archaeology in the making – biographies

Biography: Interrogations, Observations, Studies – “BIOS” – is a seminar workshop running this year at Stanford Humanities Center and organized by Anne Duray and Thea De Armond – [Link]

Yesterday I shared some thoughts on my collection, with Bill Rathje and Chris Witmore, of conversations with archaeologists – the book Archaeology in the Making [link]

archaeology-in-the-making--04-2015

Link to the slides on Slideshare – Archaeology in the making

In telling of their lives and careers in archaeology, in their archaeological autobiographies, this group of archaeologists, brought together opportunistically simply because they were in Stanford when we could share some time for a conversation, prompted us to rethink the way a discipline like archaeology works. The standard accounts we receive in text books and academic programs foreground great thinkers and practitioners, paradigm shifts from “culture history” to “processual archaeology”, for example, methods, techniques and theory, new discoveries. What we heard instead were human stories of experiences in the academy and beyond.

I picked up all this just last weekend at the Society for American Archaeology meetings in San Francisco, in my comments for the session celebrating Ruth Tringham’s archaeology [Link].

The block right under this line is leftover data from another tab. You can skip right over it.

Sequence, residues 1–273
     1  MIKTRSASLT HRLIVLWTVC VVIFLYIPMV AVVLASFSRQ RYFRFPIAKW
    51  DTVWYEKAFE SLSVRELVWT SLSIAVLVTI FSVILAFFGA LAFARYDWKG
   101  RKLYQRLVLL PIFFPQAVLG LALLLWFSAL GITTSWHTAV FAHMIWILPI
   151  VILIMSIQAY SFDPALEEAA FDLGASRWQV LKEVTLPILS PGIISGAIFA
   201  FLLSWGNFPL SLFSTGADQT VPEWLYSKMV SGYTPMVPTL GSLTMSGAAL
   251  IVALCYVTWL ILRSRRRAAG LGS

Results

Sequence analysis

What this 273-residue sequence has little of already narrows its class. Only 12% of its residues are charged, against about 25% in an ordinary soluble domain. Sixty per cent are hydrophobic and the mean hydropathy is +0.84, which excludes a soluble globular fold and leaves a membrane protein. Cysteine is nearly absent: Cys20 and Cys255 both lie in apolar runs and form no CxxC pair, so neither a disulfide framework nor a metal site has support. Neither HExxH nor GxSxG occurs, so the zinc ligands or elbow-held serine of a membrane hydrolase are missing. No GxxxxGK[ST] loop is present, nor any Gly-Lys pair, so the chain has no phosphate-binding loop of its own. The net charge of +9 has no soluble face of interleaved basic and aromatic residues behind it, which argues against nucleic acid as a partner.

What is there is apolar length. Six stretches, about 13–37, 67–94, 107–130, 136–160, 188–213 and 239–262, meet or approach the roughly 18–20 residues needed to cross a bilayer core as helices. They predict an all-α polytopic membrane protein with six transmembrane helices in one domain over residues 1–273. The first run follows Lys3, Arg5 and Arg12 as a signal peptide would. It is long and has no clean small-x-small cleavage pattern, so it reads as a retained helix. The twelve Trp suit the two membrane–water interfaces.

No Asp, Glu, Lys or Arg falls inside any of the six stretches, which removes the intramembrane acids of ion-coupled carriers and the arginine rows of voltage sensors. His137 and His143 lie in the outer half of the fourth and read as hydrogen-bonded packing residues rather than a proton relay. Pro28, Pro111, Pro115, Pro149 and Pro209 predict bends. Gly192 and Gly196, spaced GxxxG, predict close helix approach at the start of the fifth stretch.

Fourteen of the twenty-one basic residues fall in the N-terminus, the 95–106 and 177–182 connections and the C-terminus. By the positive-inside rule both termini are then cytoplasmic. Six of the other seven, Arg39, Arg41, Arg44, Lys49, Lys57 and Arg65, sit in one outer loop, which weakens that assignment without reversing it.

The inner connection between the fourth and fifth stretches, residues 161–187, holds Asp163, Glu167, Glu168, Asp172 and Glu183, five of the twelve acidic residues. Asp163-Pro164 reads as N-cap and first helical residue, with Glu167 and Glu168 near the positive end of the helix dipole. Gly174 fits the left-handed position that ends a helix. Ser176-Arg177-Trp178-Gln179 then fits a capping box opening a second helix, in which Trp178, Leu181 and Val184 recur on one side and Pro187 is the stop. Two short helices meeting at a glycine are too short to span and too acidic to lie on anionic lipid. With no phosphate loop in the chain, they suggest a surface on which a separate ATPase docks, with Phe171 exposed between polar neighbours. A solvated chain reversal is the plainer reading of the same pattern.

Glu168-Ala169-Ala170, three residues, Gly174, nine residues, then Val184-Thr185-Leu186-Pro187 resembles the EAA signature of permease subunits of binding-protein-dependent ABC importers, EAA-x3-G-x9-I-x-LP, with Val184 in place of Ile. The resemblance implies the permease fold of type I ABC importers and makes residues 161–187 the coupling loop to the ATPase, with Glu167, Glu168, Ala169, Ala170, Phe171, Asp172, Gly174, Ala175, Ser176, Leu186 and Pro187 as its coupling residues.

Yesterday I posed again the question raised by these archaeological autobiographies – what does this mean for the way we do archaeology? – this disconnection between what we experience and the way the discipline accounts for itself.

My answer is that we need to attend to the political economy of discipline, and see the way we practice and perform our archaeology as deeply implicated in the management of institutions and agencies – when, typically, management is seen as a neutral and technical matter.

Moving on from my observations at the SAAs about the relevance of performance practice to this question, I outlined how design thinking is a way of managing archaeological projects and lives, and is profoundly sensitive to the politics of the personal.

And, as Peter Miller suggested in his recent article in the Chronicle of Higher Education [Link] – design thinking is closely allied to the project of a critical Liberal Arts.

Next – I want to take up some of the thinking of critical management practice, as in the work of Martin Parker (see his “Against Management” [Link] and “Alternative Business” [Link].